Sub-Micron Particle Removal From Gas-Water Mixtures Without Flow Restrictions
The removal of sub-micron sized particles from an aqueous stream based on electrostatic attraction is proposed. The system will remove suspended particles from a gas-water-solid mixture with minimal flow restrictions. This is particularly important for the removal of fine alumina particles in the outlet stream from the Volatile Removal Assembly (VRA), since high pressures are required to force the gas-water mixture through a small pore collection filter. Electrophoretic particle removal will result in direct capture on the oppositely charged surface of removal media or an electrode, or by collection of larger aggregates formed at such surfaces on a large pore filter. Zeta potential is a measure of the effective surface charge on suspended particles. For oxides, the zeta potential varies strongly with pH, reaching zero at the isoelectric pH. The zeta potential is negative at pHs above this value, and positive at pHs below it. Particle collection by removal media requires an opposite polarity zeta potential, or alternatively, an electrode with the proper surface potential at the pH of interest. The Phase I effort will demonstrate feasibility. The Phase II project will result in the delivery of a prototype scaled to handle the nominal VRA flow rates.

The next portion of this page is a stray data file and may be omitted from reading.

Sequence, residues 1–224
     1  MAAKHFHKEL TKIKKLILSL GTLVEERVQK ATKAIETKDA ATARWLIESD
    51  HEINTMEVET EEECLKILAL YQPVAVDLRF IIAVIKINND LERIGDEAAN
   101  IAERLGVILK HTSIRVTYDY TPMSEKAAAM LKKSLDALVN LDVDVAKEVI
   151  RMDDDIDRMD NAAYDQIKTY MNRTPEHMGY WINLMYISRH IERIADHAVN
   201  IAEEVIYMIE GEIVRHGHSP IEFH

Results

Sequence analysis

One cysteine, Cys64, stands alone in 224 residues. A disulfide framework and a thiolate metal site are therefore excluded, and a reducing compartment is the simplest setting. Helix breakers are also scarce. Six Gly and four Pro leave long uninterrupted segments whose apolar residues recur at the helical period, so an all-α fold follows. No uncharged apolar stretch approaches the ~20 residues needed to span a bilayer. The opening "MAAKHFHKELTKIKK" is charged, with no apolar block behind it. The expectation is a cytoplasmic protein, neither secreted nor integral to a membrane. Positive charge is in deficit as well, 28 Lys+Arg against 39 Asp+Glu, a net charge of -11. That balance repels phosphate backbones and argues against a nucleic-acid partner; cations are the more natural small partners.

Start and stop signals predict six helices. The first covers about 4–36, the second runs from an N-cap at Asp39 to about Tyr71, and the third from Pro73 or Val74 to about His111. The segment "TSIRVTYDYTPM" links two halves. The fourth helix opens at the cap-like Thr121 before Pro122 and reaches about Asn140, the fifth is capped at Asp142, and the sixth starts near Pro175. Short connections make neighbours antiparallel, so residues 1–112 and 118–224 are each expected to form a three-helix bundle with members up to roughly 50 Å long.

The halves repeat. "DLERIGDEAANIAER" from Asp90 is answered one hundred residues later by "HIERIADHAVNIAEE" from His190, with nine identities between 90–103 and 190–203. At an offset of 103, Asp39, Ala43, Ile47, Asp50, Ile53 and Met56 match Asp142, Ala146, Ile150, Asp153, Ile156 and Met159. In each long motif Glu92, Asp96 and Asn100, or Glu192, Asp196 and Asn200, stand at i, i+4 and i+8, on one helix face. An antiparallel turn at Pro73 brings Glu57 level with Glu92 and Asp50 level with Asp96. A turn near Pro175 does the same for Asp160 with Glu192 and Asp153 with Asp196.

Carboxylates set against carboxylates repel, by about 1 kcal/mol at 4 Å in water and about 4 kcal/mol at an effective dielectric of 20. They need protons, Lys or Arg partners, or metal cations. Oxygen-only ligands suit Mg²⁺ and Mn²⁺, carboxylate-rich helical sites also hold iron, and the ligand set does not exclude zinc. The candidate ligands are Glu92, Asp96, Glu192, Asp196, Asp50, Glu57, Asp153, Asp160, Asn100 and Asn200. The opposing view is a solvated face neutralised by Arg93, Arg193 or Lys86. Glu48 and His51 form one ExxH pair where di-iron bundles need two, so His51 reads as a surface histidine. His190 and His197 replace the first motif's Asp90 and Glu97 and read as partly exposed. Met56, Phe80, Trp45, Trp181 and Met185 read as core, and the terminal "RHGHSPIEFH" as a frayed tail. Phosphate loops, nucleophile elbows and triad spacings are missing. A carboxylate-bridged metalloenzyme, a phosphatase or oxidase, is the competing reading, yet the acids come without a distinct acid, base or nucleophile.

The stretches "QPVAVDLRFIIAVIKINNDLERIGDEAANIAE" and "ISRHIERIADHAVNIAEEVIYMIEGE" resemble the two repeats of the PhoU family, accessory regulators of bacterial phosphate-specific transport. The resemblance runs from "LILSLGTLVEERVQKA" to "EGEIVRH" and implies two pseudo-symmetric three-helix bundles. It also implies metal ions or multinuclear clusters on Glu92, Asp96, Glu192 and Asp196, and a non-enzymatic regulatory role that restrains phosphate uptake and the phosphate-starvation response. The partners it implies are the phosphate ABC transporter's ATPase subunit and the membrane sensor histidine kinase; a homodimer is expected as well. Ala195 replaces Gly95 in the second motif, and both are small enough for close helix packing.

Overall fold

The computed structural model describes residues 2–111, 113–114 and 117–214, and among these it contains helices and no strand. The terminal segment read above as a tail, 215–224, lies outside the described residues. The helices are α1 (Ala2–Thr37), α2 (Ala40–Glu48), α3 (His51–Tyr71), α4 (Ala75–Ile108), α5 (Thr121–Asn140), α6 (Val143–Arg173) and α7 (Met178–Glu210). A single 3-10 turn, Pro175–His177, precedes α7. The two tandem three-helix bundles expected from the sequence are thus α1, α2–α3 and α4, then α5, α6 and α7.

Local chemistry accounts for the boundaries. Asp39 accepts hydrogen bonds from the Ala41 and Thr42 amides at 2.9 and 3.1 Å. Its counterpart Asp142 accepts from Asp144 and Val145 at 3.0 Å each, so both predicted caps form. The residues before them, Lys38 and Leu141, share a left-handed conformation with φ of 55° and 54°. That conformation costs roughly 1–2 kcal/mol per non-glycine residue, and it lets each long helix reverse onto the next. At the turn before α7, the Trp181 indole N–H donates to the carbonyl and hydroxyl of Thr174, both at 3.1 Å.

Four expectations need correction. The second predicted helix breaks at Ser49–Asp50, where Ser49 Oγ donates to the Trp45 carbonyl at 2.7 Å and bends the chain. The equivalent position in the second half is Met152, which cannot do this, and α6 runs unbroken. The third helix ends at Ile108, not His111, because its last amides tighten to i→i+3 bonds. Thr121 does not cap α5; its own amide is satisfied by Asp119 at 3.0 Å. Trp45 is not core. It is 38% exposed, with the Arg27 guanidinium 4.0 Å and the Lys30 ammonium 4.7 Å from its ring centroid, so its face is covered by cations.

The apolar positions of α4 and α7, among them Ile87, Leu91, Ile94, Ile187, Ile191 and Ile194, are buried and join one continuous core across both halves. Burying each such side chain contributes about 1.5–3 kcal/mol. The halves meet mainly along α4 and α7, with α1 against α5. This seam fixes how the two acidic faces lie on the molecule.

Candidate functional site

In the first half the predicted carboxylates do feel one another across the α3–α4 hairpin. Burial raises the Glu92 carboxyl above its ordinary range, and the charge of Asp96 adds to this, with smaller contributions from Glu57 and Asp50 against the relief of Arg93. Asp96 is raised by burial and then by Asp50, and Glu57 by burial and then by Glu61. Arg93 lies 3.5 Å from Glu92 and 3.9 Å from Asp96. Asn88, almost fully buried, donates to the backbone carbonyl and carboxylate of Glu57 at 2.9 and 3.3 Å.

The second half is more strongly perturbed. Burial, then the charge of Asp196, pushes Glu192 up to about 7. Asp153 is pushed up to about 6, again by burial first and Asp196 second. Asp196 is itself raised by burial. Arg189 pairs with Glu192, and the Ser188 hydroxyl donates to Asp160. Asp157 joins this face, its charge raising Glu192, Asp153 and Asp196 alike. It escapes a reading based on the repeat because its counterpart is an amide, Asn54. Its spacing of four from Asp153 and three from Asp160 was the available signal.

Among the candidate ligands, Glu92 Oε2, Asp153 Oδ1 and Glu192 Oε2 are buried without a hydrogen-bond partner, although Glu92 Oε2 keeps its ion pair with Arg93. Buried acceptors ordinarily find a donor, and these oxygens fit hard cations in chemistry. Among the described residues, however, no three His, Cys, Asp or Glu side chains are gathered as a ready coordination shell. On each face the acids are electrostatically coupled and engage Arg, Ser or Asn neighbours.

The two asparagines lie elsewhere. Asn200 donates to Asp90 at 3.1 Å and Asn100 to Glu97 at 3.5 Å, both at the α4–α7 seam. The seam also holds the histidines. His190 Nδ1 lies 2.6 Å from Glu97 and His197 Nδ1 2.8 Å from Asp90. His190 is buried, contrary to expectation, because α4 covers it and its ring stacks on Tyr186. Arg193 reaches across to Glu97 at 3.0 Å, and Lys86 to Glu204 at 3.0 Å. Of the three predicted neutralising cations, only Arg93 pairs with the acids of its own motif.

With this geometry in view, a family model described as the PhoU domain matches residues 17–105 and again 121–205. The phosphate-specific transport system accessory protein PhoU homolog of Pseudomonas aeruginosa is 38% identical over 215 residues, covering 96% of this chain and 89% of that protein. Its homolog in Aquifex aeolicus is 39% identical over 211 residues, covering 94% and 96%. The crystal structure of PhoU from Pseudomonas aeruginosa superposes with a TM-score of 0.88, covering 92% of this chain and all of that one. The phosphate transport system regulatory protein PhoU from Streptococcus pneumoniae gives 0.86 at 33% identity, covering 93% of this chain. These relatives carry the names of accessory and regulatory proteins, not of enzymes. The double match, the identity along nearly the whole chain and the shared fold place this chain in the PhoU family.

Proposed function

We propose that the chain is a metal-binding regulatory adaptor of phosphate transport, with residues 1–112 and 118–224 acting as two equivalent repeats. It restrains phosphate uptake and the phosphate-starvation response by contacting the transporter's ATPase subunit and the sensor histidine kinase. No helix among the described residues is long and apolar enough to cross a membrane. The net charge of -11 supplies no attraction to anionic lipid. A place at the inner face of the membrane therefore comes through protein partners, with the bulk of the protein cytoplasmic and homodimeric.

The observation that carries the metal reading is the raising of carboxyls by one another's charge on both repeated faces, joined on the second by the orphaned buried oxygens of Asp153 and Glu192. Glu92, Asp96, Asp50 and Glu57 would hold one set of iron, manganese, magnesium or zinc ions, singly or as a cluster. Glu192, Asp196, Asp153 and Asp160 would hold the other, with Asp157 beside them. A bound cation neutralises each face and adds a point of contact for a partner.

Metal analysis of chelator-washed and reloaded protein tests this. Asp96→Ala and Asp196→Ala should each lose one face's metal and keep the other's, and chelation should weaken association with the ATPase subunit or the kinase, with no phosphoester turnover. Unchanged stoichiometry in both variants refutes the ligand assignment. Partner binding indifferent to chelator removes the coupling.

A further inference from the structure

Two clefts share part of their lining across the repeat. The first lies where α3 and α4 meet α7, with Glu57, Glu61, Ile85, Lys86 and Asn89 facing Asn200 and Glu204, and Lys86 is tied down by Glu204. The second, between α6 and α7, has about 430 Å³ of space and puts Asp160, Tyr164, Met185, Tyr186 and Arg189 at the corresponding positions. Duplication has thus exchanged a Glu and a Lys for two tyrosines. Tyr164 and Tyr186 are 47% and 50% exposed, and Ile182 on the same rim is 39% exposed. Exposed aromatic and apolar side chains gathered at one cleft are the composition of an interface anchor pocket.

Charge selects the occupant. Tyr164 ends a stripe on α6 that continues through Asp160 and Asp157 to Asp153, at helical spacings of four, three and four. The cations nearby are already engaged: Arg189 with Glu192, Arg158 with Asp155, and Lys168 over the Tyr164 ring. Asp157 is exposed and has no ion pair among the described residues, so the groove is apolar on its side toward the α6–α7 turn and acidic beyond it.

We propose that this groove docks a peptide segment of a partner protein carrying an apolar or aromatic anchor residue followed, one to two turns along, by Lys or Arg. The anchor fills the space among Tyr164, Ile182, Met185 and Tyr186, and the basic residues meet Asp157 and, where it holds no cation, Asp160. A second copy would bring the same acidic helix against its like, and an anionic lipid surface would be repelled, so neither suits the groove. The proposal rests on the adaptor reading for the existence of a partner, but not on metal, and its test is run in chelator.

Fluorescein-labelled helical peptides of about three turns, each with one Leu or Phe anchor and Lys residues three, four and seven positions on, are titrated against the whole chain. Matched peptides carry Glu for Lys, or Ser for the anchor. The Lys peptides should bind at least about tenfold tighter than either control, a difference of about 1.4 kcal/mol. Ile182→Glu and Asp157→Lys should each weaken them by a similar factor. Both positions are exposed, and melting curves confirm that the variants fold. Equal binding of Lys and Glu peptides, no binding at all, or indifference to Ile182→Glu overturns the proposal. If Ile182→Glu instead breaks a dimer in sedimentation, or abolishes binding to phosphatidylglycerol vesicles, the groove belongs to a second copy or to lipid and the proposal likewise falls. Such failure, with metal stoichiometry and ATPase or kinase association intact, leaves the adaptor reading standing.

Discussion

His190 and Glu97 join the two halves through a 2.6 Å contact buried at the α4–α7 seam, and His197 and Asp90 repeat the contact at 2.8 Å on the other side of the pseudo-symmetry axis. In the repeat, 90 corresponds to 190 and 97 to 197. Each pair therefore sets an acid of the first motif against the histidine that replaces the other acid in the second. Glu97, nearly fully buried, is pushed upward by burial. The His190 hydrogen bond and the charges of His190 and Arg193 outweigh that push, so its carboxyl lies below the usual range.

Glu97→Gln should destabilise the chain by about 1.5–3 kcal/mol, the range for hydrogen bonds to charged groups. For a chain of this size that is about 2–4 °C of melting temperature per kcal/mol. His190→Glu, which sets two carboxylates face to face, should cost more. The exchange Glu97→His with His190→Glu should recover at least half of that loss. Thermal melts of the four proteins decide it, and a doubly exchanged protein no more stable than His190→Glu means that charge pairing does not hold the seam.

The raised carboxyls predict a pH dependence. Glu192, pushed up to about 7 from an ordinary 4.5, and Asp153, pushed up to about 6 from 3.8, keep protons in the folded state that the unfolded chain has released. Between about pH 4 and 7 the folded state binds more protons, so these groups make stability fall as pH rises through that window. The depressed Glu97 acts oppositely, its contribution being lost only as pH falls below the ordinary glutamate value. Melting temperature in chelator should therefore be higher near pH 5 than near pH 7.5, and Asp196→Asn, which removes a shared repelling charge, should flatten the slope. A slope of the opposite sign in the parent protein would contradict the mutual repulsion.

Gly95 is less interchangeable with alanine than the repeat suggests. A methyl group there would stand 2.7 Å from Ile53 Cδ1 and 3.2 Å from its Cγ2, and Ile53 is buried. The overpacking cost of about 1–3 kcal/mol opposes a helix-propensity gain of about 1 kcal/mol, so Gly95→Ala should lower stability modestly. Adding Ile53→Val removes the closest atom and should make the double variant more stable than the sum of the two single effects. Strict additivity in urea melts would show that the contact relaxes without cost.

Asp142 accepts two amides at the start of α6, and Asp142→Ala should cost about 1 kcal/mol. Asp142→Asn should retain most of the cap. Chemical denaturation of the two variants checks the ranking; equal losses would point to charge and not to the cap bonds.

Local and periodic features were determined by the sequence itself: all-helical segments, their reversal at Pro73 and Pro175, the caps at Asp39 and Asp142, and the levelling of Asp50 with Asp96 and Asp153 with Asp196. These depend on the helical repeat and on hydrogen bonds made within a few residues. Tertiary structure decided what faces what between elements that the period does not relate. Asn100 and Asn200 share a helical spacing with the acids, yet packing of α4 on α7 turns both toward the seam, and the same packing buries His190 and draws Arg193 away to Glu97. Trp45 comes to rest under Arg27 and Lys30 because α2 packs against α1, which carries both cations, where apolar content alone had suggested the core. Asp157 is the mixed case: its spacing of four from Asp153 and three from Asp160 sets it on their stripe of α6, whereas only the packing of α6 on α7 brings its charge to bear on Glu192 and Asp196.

Small Business Information at Submission:
Umpqua Research Company
PO Box 609 Myrtle Creek, OR 97457
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